American economic engagement with Singapore recently has taken off as well. The US-Singapore Free Trade Agreement is arguably the most successful bilateral FTA America has signed. During the first eight years of the US-Singapore FTA, which came into effect in 2004, two-way trade has increased over 59 percent and US exports by over 89 percent. Singapore was the United States’ 11th largest export market in 2011. US exports to Singapore rose 7.7 percent to $31.4 billion in 2011 and bilateral trade crossed the $50 billion mark. The United States ran its sixth largest surplus in 2011 with Singapore, at over $12.2 billion, and, at over $106 billion through 2010, US direct investment into Singapore made the Lion City America’s third largest FDI recipient in the Asia-Pacific region, well above China, Indonesia, India, and other larger markets in the region. Add in the fact that the World Bank has labeled Singapore as the easiest place in the world to do business for the past six years, along with Singapore’s consistent ranking atop the list of least corrupt countries in the world, its third-place global ranking in 2011 by the International Monetary Fund in terms of per capita GDP at $59,936, and its liberal economic policies, and the conclusion quickly emerges: Singapore finds itself in the middle of an emerging center of gravity for global trade and investment.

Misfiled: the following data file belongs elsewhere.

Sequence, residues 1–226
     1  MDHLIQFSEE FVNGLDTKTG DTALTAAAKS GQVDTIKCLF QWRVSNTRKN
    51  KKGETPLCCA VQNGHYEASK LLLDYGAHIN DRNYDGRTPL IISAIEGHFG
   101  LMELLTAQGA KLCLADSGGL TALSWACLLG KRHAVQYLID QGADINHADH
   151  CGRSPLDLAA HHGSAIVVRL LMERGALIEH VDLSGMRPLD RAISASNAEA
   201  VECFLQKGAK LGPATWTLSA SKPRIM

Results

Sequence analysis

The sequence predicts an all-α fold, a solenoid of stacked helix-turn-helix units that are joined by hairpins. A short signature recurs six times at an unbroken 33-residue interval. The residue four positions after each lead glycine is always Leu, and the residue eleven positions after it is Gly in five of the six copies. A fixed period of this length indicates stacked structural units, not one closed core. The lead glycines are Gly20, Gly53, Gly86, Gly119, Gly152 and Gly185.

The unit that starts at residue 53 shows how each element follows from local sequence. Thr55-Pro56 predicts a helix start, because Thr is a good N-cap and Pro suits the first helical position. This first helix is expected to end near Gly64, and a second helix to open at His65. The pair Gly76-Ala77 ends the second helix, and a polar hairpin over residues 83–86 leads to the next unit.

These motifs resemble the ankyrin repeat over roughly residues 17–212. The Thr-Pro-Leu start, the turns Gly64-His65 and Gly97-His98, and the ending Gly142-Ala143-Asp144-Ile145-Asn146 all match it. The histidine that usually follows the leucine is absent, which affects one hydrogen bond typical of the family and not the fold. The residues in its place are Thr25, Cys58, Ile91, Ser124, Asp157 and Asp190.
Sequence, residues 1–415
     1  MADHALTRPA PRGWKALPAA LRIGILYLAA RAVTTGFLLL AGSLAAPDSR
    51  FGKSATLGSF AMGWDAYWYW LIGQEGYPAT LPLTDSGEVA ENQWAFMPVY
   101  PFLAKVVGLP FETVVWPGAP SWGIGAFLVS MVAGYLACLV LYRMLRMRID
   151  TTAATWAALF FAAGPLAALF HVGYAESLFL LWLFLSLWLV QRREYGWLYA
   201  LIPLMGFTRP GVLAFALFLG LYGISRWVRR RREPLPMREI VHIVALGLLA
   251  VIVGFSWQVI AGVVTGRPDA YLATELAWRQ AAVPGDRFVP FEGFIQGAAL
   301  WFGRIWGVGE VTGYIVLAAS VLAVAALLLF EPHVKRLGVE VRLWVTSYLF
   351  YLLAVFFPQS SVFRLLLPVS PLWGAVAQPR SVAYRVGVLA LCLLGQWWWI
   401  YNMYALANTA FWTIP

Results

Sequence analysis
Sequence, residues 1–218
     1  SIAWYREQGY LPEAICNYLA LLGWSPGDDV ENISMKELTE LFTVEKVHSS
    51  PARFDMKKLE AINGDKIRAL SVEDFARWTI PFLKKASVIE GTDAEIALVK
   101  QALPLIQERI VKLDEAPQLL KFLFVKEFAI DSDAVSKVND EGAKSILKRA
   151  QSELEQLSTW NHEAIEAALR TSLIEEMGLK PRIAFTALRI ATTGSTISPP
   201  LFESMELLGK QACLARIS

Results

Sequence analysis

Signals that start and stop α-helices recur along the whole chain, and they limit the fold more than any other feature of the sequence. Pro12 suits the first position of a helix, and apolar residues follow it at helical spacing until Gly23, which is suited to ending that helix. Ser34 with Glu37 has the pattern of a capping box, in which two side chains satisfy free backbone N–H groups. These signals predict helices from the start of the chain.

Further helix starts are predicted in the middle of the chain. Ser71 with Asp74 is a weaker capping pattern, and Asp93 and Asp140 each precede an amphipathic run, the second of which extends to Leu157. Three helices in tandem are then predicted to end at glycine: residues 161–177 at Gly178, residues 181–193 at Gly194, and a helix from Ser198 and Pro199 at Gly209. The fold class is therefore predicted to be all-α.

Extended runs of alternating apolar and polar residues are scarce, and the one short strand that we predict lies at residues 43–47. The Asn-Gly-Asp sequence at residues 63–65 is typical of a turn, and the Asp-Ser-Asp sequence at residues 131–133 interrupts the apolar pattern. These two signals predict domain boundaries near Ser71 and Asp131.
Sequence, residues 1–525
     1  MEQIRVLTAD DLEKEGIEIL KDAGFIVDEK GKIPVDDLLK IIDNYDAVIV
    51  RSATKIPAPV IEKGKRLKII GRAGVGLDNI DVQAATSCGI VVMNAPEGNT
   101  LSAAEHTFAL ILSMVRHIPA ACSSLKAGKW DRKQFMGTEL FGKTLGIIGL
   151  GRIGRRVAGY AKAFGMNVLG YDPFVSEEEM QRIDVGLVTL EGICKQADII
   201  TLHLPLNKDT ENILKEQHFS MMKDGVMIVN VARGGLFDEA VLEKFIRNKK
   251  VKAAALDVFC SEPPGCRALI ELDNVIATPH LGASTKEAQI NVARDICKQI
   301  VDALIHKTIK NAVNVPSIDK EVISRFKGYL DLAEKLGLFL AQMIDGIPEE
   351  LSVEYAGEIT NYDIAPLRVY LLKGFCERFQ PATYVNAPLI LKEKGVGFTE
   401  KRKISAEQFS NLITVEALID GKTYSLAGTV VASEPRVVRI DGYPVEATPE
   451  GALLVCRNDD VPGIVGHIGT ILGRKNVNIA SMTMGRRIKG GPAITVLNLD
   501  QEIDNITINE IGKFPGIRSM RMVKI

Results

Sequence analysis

Singapore is home to more than 2,000 American companies.
In fact, Singapore is home to more than 2,000 American companies, including much of the Fortune 500, many of whom use Singapore as a hub to cover Asia. While the domestic market is small, the impact on the region emanating from Singapore is tremendous. Many of the decisions made by American companies regarding their resources in this dynamic region are made in the shiny glass towers of Singapore’s central business district or one of Singapore’s industrial zones. In Singapore, the American executive considers how to do business in Asia—from developing customers in the banking sector across the region to shipping remanufactured machines for the mining industry.
Political and Economic Dialogue
Building on our defense and commercial successes, leaders in the United States and Singapore have recognized the need for a third pillar establishing an elevated political and economic dialogue for purposes of ensuring that the full range of our mutual interests are protected over the long term. Non-traditional challenges have emerged to test the relationship—issues that include transnational terrorism, the proliferation of weapons of mass destruction, and the need to respond rapidly to large-scale disasters in the region. The SPD provides a framework to address these challenges as well as to proactively cooperate to promote values we share, such as diversity and respect for the rule of law. Importantly, the SPD also establishes a regular and institutionalized process through which we can discuss cooperation in the emerging Asian architecture, including at the East Asia Summit, with ASEAN and at APEC and other regional organizations.